Help! Raised bed issues

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Hello there,
I’m wondering if anyone can answer my question. Why is lettuce doing well in my raised bed but beets germinate but won’t grow at all?

Raised bed is 4x8 and 6 in deep. It faces S and gets full sun 5-6 hrs per day w/ dappled sun another 2 hrs—that’s only in winter. In summer it’s full sun 8 hrs/day. We built it by putting paper down as a weed suppressor (Bermuda grass was there before). Then we followed advice for a “lasagna garden” in which we put leaves and used chicken coop bedding (pine shavings plus manure—not composted) about halfway up, then filled the rest with store bought (Home Depot) garden soil. We did this on Aug 28. Then we seeded it with beets, lettuce, and chard. The next day we got 9 “ of rain in 24 hours! We irrigated it with a soaker hose when it dried up again and didn’t get rain again until Oct. Sept is still very hot in Dallas—90-95+ F most days—so the lettuce germinated but didn’t do much. But when the weather cooled in Oct, the lettuce took off. It’s still thriving. The beets and chard didn’t germinate at all (messed up by the heavy rain?), so I replanted beets by seed in Oct. These did germinate, but since then have not grown at all. We have had nights in the 40s-50s and days in the 50s-60s since, with two nights down to 34 (I put frost cloth on at night then). This is supposed to be ideal beet weather.
Soil tests in Nov revealed alkaline pH and deficiencies in N, P, and K, so I added the recommended fertilizer and amendments to lower the pH to neutral. And no change. Lettuce remains happy and beets are a failure.

Anyone have thoughts as to why this is? I’m hoping for a great garden come the spring, but I am rather discouraged. Is the uncomposted material under the soil the problem? Is the store-bought soil the problem? Will the uncomposted manure and pine shavings be broken down or aged sufficiently by spring?

Thanks.
 

Meadowlark

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Howdy,

My guess is that your bed selection is simply too shallow for beet roots or any other root type crop. Your description of your lasagna garden showed at most 3 inches of soil, possibly even less...just not enough for most root crops.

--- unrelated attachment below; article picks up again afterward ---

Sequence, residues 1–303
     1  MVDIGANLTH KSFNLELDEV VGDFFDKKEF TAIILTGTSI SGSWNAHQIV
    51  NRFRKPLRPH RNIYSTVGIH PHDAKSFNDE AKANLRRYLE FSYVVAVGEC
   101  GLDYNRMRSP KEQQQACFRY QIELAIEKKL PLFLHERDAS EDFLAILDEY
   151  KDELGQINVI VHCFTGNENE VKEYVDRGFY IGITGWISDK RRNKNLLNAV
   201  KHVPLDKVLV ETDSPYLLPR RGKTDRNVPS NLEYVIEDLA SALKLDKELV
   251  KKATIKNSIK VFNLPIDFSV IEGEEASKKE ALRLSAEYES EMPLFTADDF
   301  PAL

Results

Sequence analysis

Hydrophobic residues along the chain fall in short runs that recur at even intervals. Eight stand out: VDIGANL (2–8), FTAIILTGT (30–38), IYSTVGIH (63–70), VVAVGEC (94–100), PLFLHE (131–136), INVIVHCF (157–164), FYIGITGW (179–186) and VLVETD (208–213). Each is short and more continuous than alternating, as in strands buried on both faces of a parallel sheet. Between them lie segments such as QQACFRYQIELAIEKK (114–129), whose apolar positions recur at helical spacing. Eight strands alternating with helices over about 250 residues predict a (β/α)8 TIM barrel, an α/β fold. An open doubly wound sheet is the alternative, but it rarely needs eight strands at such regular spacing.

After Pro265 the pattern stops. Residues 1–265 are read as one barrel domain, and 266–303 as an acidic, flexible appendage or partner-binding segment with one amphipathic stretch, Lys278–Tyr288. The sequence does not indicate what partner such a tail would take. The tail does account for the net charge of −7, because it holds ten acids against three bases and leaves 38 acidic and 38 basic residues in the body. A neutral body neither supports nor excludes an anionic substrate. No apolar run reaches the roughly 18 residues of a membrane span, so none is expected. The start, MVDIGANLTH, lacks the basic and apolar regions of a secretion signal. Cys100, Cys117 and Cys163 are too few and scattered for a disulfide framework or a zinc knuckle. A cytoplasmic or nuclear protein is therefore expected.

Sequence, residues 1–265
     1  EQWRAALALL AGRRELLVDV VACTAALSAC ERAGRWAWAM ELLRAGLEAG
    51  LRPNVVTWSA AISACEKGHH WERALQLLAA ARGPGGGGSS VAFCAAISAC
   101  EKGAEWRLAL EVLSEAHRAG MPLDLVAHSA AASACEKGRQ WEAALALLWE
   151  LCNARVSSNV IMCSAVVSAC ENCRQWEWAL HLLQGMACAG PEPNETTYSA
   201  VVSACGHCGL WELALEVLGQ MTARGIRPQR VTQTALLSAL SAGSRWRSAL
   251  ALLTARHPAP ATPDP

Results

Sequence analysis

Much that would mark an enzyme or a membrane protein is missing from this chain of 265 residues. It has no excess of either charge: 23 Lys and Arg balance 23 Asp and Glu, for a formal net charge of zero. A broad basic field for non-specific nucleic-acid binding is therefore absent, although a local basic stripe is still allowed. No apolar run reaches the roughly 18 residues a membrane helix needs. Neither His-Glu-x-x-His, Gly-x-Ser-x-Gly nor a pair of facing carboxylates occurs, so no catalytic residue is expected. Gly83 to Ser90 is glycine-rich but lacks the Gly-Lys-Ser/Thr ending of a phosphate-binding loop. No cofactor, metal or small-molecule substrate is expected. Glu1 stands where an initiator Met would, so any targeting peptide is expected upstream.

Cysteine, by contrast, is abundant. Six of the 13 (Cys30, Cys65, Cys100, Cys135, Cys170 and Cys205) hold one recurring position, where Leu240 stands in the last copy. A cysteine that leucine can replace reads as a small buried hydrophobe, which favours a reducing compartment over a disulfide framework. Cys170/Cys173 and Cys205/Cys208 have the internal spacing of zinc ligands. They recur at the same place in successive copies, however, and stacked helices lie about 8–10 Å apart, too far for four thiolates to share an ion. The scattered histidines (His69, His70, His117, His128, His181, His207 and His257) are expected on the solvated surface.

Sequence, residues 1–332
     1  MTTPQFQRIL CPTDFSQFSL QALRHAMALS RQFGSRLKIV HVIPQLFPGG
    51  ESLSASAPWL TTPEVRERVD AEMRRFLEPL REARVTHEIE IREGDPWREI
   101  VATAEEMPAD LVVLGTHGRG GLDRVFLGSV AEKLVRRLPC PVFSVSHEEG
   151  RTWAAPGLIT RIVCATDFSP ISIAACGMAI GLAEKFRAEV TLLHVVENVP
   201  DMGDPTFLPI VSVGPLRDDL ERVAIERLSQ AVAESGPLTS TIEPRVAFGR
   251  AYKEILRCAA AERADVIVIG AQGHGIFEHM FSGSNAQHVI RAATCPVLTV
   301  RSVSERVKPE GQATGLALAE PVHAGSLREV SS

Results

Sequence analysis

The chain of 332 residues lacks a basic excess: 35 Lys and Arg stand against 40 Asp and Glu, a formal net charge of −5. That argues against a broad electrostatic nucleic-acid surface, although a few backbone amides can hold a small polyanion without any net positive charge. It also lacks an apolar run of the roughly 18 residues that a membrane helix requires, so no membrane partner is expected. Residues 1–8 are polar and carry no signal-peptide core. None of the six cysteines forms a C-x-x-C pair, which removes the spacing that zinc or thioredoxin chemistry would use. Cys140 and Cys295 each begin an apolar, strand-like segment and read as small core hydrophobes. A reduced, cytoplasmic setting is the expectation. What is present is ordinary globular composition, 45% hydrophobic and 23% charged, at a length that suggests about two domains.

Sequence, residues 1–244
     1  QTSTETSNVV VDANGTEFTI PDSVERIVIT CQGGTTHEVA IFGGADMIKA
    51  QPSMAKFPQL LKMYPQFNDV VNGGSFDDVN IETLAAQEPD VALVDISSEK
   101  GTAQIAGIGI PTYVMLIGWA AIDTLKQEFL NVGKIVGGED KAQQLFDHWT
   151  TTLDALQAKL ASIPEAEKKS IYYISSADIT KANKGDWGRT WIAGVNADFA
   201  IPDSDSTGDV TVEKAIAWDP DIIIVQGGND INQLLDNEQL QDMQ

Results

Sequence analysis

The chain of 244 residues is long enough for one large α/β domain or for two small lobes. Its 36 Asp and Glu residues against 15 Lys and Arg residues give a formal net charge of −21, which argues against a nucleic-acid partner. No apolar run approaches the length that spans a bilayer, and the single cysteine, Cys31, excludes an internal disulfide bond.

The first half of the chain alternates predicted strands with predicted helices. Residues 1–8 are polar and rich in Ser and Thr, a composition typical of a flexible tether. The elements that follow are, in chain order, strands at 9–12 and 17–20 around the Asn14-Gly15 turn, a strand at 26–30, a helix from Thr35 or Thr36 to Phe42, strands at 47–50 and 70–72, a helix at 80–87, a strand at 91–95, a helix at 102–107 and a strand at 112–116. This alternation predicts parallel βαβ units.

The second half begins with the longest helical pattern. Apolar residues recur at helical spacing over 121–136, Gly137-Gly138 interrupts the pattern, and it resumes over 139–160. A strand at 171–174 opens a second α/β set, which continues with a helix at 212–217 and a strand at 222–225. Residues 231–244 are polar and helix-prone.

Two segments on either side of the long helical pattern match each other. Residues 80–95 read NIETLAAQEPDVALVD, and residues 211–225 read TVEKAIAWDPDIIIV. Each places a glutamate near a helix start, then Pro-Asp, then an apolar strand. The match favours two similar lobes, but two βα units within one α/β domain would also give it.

I have a long running experiment on raising veggies in Hügelkultur containers and have definitely seen that even with several inches of soil more than your bed, beets do not grow the root nearly as well in containers as in ground planted veggies. Lettuce, on the other hand, does spectacular in my containers, better even that ground.
 
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My guess is that the lettuce managed, in the rain, to put roots down past the leaves layer, whilst the beets & chard did not.
If that is the case, it may be that your lettuces managed to get below the layer of nitrogen sequestration for the decomposition of leaves, but the beets did not. (Chard is leaf beet)
This would mean that the beets had a localised nitrogen deficiency.
This will sort itself as the leaves decompose.
Adding more depth will help, as Meadowlark has suggested, but if the material has not composted, this problem could repeat.
 
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Chicken manure can be a bit 'strong' sometimes, the store bought soil will not have a lot of micro organisms in it. I would recommend a good dig come Spring to mix op the store soil and the composting leaves and manure and bring up a bit of the natural soil. I don't know Bermuda grass, but I reckon any sort of turf that has been buried under that lot that long will be dead and another useful organic element. The garden soil will contain plenty of bacteria and fungi, and losing the structured layering may well help. Some plants find differences in soil like that a barrier that they have real trouble penetrating. That can really show when plants are planted out from pots if they are just stuck in the ground. They will not make it past the pot shape and become potbound without a pot when the same thing that has been planted in a hole that is back filled with a mixture of soil knocked out of the pot and garden soil will do fine.
I reckon Meadowlark has a good point there, even when it is all good stuff there has to be a degree of mixing, worms would do it eventually, but a fork is quicker.
 

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